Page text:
Manitoba’s Green Party wants to do away with first-past-the-post voting, instead replacing it with proportional representation.
In first-past-the-post, the candidate that receives the most votes wins the seat, whereas in proportional representative voting, parties gain seats based on the proportion of votes received.
“We are at a time of democratic crisis,” said Andrea Shalay, the Manitoba Green’s deputy leader and Union Station candidate. “So many Manitobans don’t vote because they feel like their vote doesn’t matter — that is a sign of (an) unhealthy democracy.”
Wolseley candidate David Nickarz would work toward implementing proportional representation if elected to the Manitoba legislature on Sept. 10, he said, while also aiming to create a more polite environment on the floor of the legislature.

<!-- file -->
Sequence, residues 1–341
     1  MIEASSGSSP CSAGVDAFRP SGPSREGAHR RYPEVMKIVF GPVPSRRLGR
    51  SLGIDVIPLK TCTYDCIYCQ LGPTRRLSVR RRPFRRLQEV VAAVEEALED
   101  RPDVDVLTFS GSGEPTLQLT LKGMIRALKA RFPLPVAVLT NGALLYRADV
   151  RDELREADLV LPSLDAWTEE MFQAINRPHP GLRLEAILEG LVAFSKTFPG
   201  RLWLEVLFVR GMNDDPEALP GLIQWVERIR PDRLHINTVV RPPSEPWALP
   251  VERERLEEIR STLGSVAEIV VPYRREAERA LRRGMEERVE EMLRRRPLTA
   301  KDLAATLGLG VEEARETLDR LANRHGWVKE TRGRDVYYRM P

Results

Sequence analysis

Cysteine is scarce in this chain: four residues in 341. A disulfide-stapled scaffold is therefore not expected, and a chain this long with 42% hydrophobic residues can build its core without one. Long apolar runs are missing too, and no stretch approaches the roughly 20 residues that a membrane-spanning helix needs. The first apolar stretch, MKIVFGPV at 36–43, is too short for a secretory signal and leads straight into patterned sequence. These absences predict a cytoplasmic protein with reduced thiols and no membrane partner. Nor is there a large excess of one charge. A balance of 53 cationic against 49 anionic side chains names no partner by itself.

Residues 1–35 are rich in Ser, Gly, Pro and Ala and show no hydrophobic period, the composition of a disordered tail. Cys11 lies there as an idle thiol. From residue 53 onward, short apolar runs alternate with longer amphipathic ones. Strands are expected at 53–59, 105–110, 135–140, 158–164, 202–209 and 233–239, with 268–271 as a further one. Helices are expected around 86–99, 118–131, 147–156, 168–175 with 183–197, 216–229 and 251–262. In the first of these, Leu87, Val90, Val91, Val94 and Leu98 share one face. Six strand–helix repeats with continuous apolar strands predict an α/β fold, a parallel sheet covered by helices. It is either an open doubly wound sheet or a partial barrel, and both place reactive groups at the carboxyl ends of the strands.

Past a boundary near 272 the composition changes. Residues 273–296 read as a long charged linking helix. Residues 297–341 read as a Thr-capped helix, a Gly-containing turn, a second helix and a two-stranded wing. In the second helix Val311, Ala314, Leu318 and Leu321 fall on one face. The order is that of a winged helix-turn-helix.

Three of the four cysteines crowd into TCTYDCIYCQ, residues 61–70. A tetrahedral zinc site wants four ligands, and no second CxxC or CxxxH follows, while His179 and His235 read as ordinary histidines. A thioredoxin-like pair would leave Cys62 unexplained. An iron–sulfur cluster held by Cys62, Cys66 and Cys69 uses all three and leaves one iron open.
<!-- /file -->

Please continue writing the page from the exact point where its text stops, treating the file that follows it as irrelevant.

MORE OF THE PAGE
“When you implement proportional representation you get fewer majority governments. Legislators… will get used to working together more,” Nickarz said. “You’ll see much less of this policy lurch from one majority (government) to the other.”
Nickarz believes implementing proportional representation and creating a better working environment for MLAs would allow them to get more work done.
Green Party elected officials from Ontario and Prince Edward Island joined Shalay and Nickarz to make the announcement.
The Greens have never won a seat in the Manitoba legislature, although Nickarz came close in Wolseley in 2016.
WATCH (Aug. 14, 2019): Manitoba Green Party Leader James Beddome